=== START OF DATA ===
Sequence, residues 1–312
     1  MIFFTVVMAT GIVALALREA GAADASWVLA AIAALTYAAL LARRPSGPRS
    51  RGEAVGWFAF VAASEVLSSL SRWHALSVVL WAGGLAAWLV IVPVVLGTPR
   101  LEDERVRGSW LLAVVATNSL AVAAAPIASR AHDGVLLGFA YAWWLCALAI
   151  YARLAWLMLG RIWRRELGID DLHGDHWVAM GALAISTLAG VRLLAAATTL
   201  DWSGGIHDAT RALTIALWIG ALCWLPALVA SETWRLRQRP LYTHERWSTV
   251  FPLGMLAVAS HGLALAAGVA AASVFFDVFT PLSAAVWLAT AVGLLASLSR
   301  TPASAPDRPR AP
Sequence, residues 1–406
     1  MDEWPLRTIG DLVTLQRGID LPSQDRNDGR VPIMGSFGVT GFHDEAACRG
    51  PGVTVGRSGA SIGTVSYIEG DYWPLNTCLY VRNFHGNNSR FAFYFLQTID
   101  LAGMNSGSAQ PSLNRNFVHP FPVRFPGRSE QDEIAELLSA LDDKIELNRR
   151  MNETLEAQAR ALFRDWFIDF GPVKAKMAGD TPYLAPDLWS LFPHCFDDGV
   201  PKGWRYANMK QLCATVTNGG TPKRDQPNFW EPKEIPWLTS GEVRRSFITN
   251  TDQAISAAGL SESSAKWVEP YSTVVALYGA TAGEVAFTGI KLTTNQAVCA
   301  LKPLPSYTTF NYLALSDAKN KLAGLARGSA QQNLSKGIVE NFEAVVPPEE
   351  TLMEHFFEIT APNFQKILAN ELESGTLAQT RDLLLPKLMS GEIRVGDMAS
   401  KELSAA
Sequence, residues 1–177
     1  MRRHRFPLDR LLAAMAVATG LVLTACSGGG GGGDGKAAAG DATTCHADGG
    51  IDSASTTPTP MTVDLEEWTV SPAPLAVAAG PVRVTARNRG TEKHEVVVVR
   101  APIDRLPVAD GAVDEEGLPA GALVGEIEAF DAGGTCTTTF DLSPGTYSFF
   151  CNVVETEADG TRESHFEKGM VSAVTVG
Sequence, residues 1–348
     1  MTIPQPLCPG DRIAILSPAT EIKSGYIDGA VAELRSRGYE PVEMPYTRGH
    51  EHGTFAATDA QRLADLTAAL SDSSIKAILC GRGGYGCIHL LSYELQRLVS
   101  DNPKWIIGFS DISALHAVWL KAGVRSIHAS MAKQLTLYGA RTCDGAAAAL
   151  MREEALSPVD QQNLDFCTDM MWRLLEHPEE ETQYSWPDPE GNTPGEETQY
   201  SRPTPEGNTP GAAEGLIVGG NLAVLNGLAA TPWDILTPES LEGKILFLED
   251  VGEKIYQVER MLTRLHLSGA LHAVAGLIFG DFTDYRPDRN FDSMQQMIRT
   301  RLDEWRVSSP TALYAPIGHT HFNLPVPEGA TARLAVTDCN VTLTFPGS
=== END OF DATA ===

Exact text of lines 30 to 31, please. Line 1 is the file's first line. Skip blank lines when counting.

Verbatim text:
   251  VGEKIYQVER MLTRLHLSGA LHAVAGLIFG DFTDYRPDRN FDSMQQMIRT
   301  RLDEWRVSSP TALYAPIGHT HFNLPVPEGA TARLAVTDCN VTLTFPGS